In the construction industry, a payment dispute between a contractor and sub-contractor may be submitted for adjudication under the Building and Construction Industry Security Payment Act. However, the adjudicator’s decision may be set aside if, during the adjudication process, there is a breach of natural justice which causes prejudice to at least one of the parties. In Glaziers Engineering Pte Ltd v WCS Engineering Construction Pte Ltd  SGCA 66, the Court of Appeal considered when a breach of natural justice would occur, and when such a breach would be considered prejudicial.
In a divorce, multiple parties – including the spouses and third parties – may claim ownership of an alleged matrimonial asset. In UDA v UDB and another  SCGA 20, the Court of Appeal (“CA”) held that family justice courts, which hear disputes over matrimonial assets, had the jurisdiction (i.e. authority to hear and determine a dispute brought before it) to decide only the claims of the divorcing spouses. They did not have the jurisdiction to decide claims by a third party (i.e. anyone other than the divorcing spouses) over property which was alleged by one or both spouses to be a matrimonial asset. Instead, such third party claims had to be determined in separate legal proceedings.
In 2017, the Companies Act (“CA”) underwent another round of reform. Among the new legislative changes are the modifications of the statutory requirements for the annual general meeting (“AGM”) and annual returns (“AR”) filing. These modifications should minimise the regulatory burden on companies in two ways. Firstly, there will be new and more straightforward criteria for setting the dates for the AGM and AR filing. Secondly, a new AGM exemption for private companies will be introduced.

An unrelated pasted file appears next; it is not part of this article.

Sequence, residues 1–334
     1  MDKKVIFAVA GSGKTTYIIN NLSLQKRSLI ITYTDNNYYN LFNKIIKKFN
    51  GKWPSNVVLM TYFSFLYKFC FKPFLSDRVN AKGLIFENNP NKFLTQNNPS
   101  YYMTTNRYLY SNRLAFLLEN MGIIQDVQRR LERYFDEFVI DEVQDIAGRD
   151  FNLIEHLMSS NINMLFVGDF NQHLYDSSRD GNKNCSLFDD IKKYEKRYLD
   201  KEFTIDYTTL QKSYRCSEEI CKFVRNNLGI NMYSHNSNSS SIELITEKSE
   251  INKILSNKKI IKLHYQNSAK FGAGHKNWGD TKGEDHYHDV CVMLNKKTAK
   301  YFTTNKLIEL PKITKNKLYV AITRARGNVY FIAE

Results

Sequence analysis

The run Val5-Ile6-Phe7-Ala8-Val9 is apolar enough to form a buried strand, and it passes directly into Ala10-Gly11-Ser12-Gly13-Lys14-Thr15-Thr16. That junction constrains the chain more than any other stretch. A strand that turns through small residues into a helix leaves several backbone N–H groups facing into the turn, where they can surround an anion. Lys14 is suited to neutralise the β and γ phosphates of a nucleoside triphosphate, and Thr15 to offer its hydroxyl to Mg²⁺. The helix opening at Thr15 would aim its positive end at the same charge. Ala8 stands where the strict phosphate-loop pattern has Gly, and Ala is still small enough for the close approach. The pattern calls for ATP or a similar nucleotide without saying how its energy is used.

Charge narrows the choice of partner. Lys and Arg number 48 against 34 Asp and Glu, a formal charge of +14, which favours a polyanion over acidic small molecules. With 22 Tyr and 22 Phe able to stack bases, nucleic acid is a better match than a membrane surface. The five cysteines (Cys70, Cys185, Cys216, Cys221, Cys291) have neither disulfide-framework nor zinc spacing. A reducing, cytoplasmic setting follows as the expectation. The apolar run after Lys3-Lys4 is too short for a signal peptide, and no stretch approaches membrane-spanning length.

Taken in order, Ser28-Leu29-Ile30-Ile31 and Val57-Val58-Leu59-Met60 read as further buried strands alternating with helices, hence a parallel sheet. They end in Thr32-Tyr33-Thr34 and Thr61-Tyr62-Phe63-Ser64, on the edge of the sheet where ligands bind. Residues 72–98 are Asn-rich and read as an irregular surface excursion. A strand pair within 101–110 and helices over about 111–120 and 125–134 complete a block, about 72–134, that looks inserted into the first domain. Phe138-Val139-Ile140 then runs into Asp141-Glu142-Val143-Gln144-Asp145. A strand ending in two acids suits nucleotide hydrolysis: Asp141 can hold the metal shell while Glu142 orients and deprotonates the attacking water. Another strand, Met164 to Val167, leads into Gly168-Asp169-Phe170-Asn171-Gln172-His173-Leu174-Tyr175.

In Global Yellow Pages Ltd v Promedia Directories Pte Ltd (“Global Yellow Pages”), the Court of Appeal (“CA”) clarified the extent of copyright protection afforded to databases. In doing so, the CA considered issues of copyright subsistence and infringement for compilation of factual material, providing guidance on the nature of copyright protection in Singapore.
In Singapore, three statutes provide general protection to tangible heritage: the Preservation of Monuments Act (“PMA”) provides for the protection of historical sites and buildings through the National Heritage Board (“NHB”); the National Heritage Board Act (“NHBA”) regulates archaeological investigations and the National Museum of Singapore and its collections; and the Planning Act (“PA”) incorporates heritage considerations into the land planning process. Heritage, in this context, includes sites, buildings, structures and artefacts.